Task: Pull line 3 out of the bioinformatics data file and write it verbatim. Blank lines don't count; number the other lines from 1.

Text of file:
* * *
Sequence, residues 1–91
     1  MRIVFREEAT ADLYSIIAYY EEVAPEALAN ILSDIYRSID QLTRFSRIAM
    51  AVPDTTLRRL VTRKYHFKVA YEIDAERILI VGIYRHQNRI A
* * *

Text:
    51  AVPDTTLRRL VTRKYHFKVA YEIDAERILI VGIYRHQNRI A